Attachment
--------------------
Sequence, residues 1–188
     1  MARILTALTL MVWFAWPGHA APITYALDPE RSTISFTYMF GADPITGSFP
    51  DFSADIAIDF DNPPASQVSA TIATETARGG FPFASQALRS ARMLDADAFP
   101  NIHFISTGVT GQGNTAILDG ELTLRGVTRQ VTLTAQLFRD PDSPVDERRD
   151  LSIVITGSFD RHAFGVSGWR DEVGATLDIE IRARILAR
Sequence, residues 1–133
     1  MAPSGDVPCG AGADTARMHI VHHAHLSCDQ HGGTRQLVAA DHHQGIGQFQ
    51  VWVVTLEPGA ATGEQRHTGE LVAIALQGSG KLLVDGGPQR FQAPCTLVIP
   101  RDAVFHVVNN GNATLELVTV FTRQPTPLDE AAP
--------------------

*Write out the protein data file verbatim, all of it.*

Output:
Sequence, residues 1–188
     1  MARILTALTL MVWFAWPGHA APITYALDPE RSTISFTYMF GADPITGSFP
    51  DFSADIAIDF DNPPASQVSA TIATETARGG FPFASQALRS ARMLDADAFP
   101  NIHFISTGVT GQGNTAILDG ELTLRGVTRQ VTLTAQLFRD PDSPVDERRD
   151  LSIVITGSFD RHAFGVSGWR DEVGATLDIE IRARILAR
Sequence, residues 1–133
     1  MAPSGDVPCG AGADTARMHI VHHAHLSCDQ HGGTRQLVAA DHHQGIGQFQ
    51  VWVVTLEPGA ATGEQRHTGE LVAIALQGSG KLLVDGGPQR FQAPCTLVIP
   101  RDAVFHVVNN GNATLELVTV FTRQPTPLDE AAP